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Market commentary - June 2024

World stock markets were higher in June, but the wider trend hid what was under the bonnet. Read our latest market commentary for June 2024.

| 5 min read

In June, Europe was weak, the UK fell too, along with Hong Kong and China, whilst Japan was up a little. Yet the dominant US market continued to be buoyed by returns from some of the world’s largest companies.

Continuing a theme that has dominated the year to date, the technology giants march on. NVIDIA, the leader in semiconductors that drive artificial intelligence (AI) momentarily overtook Microsoft as the world’s most valuable company, whilst Amazon joined the ranks of the elite, reaching a value of over $2 trillion. This helped drive the widely followed US S&P 500 index to a new all-time high, although it lost steam into the month end amid recurring concerns about delays to cuts in interest rates.

Top performing funds - June 2024

Battle of the tech titans

Nvidia, Apple and Microsoft jostled in a three-horse race for the title of the world’s most valuable company with each heading into the second half of the year with market values of over $3 trillion. Nvidia briefly took the top spot, but subsequently fell back to third after shedding roughly $550bn in market value following profit taking and disclosures of a scheduled sale of shares by the company’s chief executive and co-founder, Jensen Huang.

Apple also momentarily took the crown in June as investors responded positively to the company’s long-awaited announcement of its foray into the generative AI space through ‘Apple Intelligence’, which the company aims to integrate across its hardware and software products.

Indian takeaways

The other main standout during the month was the Indian market, which after a wobble on the day election results were announced recovered its poise. The result was closer than predicted and Prime Minister Modi had to establish a coalition government with new partners taking five out of the thirty-one cabinet seats.

Although this caused some initial uncertainty and concerns among investors, it transpired that there is considerable continuity with major posts, including finance, remaining in the same hands as before. Markets will now look to the budget, which comes out later this month, to examine more detailed financial plans.

Electoral baton passes to Europe

It was a quieter month elsewhere for share markets though. European stocks were under pressure as France’s President Macron called a surprise general election. In the first round of voting his centrist party trailed both the hard-right National Rally and a left-wing alliance, both of which have a more expansionary fiscal outlook that would potentially increase an already considerable debt pile the EU is already unhappy about. Eyeing an uncomfortable period for French politics and frictions within the EU over budgetary restraint, French equity and bond markets sank.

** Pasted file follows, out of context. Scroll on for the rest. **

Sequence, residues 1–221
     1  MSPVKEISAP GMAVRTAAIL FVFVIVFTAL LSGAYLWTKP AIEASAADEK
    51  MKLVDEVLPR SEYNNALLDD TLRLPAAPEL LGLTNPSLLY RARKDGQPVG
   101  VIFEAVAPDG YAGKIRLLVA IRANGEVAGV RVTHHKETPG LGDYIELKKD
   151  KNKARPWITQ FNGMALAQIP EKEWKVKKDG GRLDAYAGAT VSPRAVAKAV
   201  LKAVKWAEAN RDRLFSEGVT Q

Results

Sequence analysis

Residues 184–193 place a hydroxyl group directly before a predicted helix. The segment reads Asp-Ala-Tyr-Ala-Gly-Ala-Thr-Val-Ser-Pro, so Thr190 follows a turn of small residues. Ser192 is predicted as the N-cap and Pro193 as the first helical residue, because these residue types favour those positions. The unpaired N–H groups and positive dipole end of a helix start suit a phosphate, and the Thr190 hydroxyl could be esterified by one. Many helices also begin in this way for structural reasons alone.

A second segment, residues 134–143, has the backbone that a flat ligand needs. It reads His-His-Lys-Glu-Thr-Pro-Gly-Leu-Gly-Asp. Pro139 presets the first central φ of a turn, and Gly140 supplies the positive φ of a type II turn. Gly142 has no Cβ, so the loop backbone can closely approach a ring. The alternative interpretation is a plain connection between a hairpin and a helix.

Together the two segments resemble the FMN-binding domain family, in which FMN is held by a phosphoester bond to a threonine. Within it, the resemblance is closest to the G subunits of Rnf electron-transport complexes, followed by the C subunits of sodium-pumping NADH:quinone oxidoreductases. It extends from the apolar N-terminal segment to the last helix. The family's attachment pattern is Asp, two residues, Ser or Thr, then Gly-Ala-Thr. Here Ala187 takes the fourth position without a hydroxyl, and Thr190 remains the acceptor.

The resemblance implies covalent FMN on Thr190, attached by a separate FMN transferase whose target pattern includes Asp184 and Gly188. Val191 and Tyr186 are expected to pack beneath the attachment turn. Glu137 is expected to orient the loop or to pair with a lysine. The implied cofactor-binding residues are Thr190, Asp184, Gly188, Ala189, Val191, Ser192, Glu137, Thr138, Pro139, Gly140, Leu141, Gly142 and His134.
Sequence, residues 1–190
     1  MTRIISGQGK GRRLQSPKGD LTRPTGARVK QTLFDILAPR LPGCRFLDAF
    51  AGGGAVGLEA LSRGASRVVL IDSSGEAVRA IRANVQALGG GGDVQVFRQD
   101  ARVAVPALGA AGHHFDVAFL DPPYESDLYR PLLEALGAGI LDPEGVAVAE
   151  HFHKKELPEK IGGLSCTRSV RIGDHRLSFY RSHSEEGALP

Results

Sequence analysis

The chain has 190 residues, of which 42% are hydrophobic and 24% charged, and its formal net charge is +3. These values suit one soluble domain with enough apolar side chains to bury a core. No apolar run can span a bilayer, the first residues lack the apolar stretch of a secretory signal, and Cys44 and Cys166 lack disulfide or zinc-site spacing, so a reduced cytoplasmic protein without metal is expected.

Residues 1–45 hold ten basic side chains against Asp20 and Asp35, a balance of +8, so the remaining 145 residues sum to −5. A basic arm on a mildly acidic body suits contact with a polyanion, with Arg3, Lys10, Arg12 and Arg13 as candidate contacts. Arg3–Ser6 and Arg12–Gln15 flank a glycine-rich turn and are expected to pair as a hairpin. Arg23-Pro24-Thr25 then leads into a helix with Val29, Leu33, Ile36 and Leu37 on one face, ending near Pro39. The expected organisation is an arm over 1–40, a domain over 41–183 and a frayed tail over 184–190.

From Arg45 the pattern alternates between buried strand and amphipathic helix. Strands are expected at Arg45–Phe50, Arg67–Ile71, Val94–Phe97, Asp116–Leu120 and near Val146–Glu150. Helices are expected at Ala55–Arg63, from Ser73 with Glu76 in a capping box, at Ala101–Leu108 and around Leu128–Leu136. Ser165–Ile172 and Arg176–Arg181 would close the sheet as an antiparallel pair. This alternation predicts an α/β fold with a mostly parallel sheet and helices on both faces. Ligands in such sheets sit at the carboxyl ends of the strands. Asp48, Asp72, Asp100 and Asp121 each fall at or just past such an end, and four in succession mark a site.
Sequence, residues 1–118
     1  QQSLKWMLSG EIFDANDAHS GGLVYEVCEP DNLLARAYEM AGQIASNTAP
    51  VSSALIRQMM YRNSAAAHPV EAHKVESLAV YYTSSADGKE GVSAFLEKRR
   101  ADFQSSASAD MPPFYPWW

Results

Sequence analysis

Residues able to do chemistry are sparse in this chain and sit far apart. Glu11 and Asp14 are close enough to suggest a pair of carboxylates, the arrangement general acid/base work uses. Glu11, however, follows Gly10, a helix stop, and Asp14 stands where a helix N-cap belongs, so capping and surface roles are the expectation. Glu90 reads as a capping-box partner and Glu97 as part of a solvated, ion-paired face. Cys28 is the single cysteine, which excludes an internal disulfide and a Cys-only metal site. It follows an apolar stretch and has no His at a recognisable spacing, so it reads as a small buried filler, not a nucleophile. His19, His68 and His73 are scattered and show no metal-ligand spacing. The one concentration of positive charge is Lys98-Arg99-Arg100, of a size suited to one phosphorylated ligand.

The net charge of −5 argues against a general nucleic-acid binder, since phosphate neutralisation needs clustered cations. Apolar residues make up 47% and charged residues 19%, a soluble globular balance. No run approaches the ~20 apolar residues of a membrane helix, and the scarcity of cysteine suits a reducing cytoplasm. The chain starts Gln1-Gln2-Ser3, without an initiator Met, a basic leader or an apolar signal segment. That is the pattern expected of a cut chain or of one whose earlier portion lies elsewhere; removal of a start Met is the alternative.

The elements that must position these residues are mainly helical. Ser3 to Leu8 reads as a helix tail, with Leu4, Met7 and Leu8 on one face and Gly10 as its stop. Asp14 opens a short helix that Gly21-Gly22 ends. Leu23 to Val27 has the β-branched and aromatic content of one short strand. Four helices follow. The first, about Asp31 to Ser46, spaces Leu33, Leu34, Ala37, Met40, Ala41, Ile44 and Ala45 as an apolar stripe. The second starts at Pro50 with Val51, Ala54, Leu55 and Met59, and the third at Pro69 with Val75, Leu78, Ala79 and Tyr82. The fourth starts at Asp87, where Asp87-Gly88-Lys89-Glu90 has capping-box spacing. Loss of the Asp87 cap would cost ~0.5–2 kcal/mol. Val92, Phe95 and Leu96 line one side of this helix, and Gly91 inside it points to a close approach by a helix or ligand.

There were no such pre-election jitters in the UK as the market remained relatively upbeat about the prospect of a large Labour victory. Although there are likely to be both winners and losers at a company and sector level, there was little reaction from markets as manifestos were released with the all-important Labour party plans either trailed beforehand or left relatively vague.

Regardless of the result, there remain hard questions over how any policy agendas will be paid for while sticking to the fiscal rules and common policies currently in place. Even so, arguably overall market sentiment hinges more on the outcome of the US election in November. Following a poorly received performance in the first presidential debate against Donald Trump, there were some calls for Joe Biden to withdraw as the Democrat candidate, adding to the political uncertainty.

Elsewhere, it was a poor month for both China and resources stocks as the world’s second largest economy continued to trundle along in a low gear. Consumer confidence is still yet to recover meaningfully post-pandemic, and with almost two thirds of Chinese household wealth tied up in property, falling prices have contributed to weak domestic demand and have translated to muted company earnings growth.

Investment Trust mergers

Finally, in the investment trust world, the trend of mergers and consolidation continued as two of the UK's most popular trusts, Alliance Trust and Witan, announced the intention to merge and create a larger £5 billion ‘multi-manager’ investment vehicle whereby the managers select a range of specialists to oversee different parts of the portfolio.

The deal is expected to be completed later this year to create Alliance Witan PLC and follows a comprehensive strategic review by the Board of Witan. We believe the merger makes sense given the similarity in investment approach. In addition, the larger vehicle should be more cost efficient and offer better liquidity i.e., increase the ease and cost of buying and selling shares.

The transaction could prove to be a seminal moment for the investment trust world, and is evidence of investors’ appetite for scale, liquidity and low costs. It will increase pressure on other trust boards to ensure their own investment companies are still fit for purpose, or risk having to rely on other means such as share buybacks to plug the demand gap for their stock.

Explore the top performing funds and sectors in June 2024

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Market commentary - June 2024

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